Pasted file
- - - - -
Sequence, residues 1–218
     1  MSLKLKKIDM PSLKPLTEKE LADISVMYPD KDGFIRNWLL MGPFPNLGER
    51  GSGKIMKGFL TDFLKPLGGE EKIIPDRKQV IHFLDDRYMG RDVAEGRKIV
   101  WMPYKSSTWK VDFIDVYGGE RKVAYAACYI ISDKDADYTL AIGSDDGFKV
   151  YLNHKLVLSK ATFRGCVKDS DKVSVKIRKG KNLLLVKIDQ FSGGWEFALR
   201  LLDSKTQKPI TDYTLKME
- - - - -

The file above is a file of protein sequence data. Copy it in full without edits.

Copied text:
Sequence, residues 1–218
     1  MSLKLKKIDM PSLKPLTEKE LADISVMYPD KDGFIRNWLL MGPFPNLGER
    51  GSGKIMKGFL TDFLKPLGGE EKIIPDRKQV IHFLDDRYMG RDVAEGRKIV
   101  WMPYKSSTWK VDFIDVYGGE RKVAYAACYI ISDKDADYTL AIGSDDGFKV
   151  YLNHKLVLSK ATFRGCVKDS DKVSVKIRKG KNLLLVKIDQ FSGGWEFALR
   201  LLDSKTQKPI TDYTLKME